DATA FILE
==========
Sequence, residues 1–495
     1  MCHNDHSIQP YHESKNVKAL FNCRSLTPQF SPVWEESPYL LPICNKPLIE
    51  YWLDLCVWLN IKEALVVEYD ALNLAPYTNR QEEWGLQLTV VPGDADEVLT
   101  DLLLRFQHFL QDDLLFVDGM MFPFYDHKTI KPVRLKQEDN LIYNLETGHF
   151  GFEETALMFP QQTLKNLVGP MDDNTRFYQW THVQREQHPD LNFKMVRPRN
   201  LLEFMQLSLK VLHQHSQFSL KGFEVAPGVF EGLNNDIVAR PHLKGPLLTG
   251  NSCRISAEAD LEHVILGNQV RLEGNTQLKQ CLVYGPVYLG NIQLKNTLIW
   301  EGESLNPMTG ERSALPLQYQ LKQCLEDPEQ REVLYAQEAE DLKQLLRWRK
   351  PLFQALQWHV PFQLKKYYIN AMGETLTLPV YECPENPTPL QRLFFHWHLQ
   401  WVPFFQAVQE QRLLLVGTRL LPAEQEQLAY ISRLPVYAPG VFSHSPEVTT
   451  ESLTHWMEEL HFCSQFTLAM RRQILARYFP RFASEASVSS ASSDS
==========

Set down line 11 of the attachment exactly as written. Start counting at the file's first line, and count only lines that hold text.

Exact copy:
   451  ESLTHWMEEL HFCSQFTLAM RRQILARYFP RFASEASVSS ASSDS